Sacramento, CA–Building on previous actions to ensure gender and pay equity, Governor Gavin Newsom, First Partner Jennifer Siebel Newsom, and the California Department of Human Resources (CalHR) announced the State of California has signed the California Equal Pay Pledge, an initiative the First Partner launched to close the gender pay gap.
Newsom also announced the creation of a new Chief Equity Officer position to lead efforts to improve state hiring and other procedures with an equity focus, including efforts to achieve pay parity among the state government workforce.
“I’m proud to announce that California has signed the Equal Pay Pledge to advance pay equity in our workforce,” said Governor Newsom. “Signing the pledge and establishing a Chief Equity Officer position are just the latest examples of our continued commitment to ensuring our state government workforce practices reflect the highest standards of economic, gender, and racial equity.”
The announcement follows the unveiling of the governor’s California Blueprint, which includes a proposed $1.4 million package to improve awareness of state pay equity rights and inform enforcement efforts against those that violate equal pay laws.
“We can’t reach full gender equity or close persistent gender and racial wealth gaps without reaching pay equity,” said California First Partner Jennifer Siebel Newsom, whose California for All Women campaign promotes initiatives that build women’s economic equity, support equal representation, and advance a family-first agenda. “As the state’s largest employer, California is leading by example. I call on other employers to join us as we work to create a California where all women are valued, respected, and paid equitably.”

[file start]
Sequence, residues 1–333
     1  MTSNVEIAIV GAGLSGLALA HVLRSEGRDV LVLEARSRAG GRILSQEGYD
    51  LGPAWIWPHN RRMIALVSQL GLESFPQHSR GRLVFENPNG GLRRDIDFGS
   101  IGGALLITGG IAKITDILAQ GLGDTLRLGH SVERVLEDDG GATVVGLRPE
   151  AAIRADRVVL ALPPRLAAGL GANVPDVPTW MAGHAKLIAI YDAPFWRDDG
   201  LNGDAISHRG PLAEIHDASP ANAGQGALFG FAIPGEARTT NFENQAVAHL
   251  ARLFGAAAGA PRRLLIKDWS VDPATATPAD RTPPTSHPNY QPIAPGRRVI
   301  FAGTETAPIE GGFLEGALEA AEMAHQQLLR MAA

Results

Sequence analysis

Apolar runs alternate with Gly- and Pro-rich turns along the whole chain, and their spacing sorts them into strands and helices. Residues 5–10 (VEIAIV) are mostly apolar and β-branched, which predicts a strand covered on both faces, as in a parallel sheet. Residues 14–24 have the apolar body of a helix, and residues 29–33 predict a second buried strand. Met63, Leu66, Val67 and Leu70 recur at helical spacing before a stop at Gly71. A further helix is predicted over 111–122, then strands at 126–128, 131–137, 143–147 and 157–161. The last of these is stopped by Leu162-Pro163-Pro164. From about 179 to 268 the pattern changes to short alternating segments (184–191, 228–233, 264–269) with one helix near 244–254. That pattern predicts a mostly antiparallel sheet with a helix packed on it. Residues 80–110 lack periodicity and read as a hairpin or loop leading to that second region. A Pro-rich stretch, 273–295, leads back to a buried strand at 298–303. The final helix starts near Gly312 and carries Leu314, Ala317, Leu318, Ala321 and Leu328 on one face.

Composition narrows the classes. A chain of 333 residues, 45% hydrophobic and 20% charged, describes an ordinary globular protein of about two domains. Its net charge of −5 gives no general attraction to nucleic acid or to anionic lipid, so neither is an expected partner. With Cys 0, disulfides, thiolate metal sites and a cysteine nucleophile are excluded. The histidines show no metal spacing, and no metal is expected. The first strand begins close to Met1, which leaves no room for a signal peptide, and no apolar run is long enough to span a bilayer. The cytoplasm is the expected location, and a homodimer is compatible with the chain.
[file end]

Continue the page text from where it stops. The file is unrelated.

Over 60 major California employers, including Airbnb, Apple, Gap Inc., Intel, and Twitter, have signed the pledge, which the First Partner leads in collaboration with the California Commission on the Status of Women and Girls and the California Labor Commissioner’s Office. By signing the Equal Pay Pledge, signatories agree to conduct an annual, company-wide gender pay analysis, review hiring and promotion procedures to reduce unconscious bias and structural barriers and promote best practices to close the pay gap.
The state regularly releases summarized annual pay data for state employees through CalHR’s Women’s Earnings Report, Annual Census, and Total Compensation Reports. The latest Women’s Earnings Report, which includes state employee pay data from 2020, indicates that the state worker gender pay gap has trended downward since 2010. In 2010, the civil service gender pay gap was 21.3 percent and decreased to 14.3 percent in 2020. For the first time, the Women’s Earnings Report incorporates additional data sets to provide a better understanding of how state employees are compensated in each bargaining unit.
California has some of the strongest pay laws in the country, including a law signed by Governor Newsom in 2020 to promote compliance with state equal pay and anti-discrimination laws through mandated statewide pay data reporting for employers with 100 or more employees. Despite continued progress since the enactment of the California Equal Pay Act of 1949, studies estimate that California women continue to lose a combined $87 billion a year due to the wage gap, with Latina, Black and Native American women experiencing the widest gaps.